Enjoy the power and beauty of your youth
Oh nevermind; you will not understand the power and beauty of your youth until they have faded.
But trust me, in 20 years you’ll look back at photos of yourself
and recall in a way you can’t grasp now how much possibility lay before you and how fabulous you really looked…
You are not as fat as you imagine.
Don’t worry about the future; or worry, but know that worrying is ase ffective as trying to solve an algebra equation by chewing bubblegum.
The real troubles in your life are apt to be things that never crossed your worried mind.
The kind that blindside you at 4pm on some idle Tuesday
Do one thing everyday that scares you.
Don’t be reckless with other people’s hearts.
Don’t put up with people who are reckless with yours.
Don’t waste your time on jealousy; sometimes you’re ahead, sometimes you’re behind…
The race is long, and in the end, it’s only with yourself.
Remember the compliments you receive, forget the insults.
If you succeed in doing this, tell me how.
Keep your old love letters, throw away your old bank statements.
Don’t feel guilty if you don’t know what you want to do with your life…
The most interesting people I know didn’t know at 22 what they wanted to do with their lives.
Some of the most interesting 40 year olds I know still don’t
Get plenty of calcium.
Be kind to your knees, you’ll miss them when they’re gone.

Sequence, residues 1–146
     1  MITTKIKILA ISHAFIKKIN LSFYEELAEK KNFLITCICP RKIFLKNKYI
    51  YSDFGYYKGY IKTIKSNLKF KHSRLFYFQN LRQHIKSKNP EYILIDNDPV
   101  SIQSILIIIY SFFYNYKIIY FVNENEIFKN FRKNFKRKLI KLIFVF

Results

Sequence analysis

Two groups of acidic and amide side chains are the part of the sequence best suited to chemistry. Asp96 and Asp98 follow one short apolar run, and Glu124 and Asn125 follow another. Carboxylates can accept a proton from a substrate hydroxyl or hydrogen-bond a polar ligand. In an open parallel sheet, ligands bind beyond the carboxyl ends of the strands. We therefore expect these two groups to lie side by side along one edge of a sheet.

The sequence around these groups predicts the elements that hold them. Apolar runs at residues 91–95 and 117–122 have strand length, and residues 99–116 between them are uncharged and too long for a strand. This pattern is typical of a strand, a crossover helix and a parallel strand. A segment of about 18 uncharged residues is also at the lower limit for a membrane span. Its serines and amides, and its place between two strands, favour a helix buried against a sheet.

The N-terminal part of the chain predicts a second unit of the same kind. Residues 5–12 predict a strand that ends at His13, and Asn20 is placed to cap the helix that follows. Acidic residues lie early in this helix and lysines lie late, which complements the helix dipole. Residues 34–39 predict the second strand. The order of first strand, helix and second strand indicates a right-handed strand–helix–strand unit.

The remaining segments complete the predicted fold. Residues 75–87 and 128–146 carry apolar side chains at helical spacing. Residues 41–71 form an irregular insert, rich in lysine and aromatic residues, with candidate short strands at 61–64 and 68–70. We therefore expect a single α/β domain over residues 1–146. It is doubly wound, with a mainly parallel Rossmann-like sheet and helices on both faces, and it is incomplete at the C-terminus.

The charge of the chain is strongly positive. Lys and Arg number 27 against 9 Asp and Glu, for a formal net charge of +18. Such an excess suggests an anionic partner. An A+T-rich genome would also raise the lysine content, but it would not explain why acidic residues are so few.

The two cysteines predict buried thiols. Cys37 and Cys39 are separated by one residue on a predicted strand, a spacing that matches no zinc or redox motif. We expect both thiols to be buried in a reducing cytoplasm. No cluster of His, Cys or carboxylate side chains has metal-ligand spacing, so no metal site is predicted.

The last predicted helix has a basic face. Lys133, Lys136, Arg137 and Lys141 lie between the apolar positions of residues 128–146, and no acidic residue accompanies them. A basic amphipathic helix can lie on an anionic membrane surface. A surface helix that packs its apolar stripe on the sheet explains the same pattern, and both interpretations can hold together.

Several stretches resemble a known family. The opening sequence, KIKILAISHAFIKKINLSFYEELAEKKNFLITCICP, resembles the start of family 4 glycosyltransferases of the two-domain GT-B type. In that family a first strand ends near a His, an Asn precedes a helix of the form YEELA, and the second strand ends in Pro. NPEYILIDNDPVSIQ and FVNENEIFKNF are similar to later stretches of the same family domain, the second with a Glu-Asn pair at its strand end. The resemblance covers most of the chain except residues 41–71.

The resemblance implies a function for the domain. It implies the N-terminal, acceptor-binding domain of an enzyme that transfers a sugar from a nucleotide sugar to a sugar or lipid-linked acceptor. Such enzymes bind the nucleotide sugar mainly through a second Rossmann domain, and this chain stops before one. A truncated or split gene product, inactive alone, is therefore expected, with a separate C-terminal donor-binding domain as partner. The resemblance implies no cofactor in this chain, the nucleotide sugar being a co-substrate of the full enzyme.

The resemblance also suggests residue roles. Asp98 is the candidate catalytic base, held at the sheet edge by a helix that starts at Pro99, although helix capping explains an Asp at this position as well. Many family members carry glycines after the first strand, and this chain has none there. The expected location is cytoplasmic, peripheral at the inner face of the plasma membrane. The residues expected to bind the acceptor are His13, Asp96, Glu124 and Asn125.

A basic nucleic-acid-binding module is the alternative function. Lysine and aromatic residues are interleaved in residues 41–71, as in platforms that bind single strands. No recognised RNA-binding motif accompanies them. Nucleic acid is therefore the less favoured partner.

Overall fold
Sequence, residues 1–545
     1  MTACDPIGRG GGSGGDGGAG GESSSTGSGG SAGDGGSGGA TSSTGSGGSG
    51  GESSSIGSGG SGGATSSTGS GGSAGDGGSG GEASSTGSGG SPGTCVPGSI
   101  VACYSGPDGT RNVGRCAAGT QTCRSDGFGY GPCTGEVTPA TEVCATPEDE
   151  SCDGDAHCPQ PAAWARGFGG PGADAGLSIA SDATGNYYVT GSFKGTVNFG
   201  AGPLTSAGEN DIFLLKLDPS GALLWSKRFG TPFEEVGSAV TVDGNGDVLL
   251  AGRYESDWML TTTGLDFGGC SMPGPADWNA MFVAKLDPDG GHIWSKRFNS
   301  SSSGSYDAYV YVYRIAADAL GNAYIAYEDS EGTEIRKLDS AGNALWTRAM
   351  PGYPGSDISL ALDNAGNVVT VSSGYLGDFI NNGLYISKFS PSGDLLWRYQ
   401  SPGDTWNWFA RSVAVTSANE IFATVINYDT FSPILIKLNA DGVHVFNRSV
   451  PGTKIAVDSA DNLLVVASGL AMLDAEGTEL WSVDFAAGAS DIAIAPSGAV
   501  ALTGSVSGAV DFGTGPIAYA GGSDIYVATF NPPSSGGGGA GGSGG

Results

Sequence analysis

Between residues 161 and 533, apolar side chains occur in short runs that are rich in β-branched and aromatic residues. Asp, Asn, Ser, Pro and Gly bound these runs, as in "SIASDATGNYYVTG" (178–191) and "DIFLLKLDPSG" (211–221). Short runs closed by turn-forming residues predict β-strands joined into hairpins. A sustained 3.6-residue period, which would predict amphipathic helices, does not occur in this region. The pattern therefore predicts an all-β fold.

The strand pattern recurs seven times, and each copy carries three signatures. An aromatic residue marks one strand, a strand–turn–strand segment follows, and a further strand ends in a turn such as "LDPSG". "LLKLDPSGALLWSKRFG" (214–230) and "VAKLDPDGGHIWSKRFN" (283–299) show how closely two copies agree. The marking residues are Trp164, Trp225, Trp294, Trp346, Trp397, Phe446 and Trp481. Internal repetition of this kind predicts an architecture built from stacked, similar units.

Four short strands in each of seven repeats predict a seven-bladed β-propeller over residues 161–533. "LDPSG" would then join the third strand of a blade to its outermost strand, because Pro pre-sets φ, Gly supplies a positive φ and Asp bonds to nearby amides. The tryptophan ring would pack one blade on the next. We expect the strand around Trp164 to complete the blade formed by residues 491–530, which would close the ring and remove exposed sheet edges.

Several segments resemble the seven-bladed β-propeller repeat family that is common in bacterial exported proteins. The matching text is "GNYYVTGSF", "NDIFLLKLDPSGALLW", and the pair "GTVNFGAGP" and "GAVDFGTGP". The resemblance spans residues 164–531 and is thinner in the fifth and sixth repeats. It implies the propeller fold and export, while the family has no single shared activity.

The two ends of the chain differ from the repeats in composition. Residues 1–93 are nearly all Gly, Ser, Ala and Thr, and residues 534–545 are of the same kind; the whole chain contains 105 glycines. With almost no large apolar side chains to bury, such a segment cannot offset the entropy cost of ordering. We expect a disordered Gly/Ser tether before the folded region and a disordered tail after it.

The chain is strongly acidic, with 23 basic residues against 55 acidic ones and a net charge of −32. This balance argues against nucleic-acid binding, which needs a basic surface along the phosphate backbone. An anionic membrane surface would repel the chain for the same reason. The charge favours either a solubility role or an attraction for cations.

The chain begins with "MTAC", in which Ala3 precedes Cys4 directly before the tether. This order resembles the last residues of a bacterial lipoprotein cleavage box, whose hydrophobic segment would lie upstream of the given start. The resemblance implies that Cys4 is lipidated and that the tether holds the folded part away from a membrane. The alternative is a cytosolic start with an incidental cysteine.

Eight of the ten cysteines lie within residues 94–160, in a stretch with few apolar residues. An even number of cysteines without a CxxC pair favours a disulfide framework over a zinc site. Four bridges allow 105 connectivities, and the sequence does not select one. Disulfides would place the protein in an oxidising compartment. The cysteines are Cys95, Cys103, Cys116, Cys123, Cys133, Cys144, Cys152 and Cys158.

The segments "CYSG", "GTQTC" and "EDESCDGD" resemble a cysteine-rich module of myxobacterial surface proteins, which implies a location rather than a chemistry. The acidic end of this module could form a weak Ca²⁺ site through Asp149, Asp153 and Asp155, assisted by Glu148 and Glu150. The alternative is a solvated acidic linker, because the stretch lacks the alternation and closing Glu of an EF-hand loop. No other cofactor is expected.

Maybe you’ll marry, maybe you won’t,
maybe you’ll have children, maybe you won’t,
maybe you’ll divorce at 40, maybe you’ll dance the funky chicken on your 75th wedding
What ever you do, don’t congratulate yourself too much or berate yourself either.
Your choices are half chance, so are everybody else’s.
Enjoy your body.
Use it every way you can…
Don’t be afraid of it, or what other people think of it.
It’s the greatest instrument you’ll ever own.
Dance… even if you have nowhere to do it but in your own living room.
Read the directions, even if you don’t follow them.
Do NOT read beauty magazines, they will only make you feel ugly.
Get to know your parents, you never know when they’ll be gone for good.
Be nice to your siblings
they are the best link to your past
and the people most likely to stick with you in the future.
Understand that friends come and go, but for the precious few you should hold on.
Work hard to bridge the gaps in geography and lifestyle
because the older you get
the more you need the people you knew when you were young.
Live in New York City once, but leave before it makes you hard
live in Northern California once, but leave before it makes you soft.
Accept certain inalienable truths:
prices will rise
politicians will philander.
You too will get old, and when you do you’ll fantasize that when you were young
prices were reasonable
politicians were noble
and children respected their elders.
Respect your elders.
Don’t expect anyone else to support you.
Maybe you have a trust fund
maybe you have a wealthy spouse
but you never know when either one might run out.
Don’t mess too much with your hair
or by the time you’re 40, it will look 85.
Be careful whose advice you buy, but
be patient with those who supply it.
Advice is a form of nostalgia
dispensing it is a way of fishing the past from the disposal, wiping it off
painting over the ugly parts and recycling it for more than it’s worth.
But trust me on the sunscreen.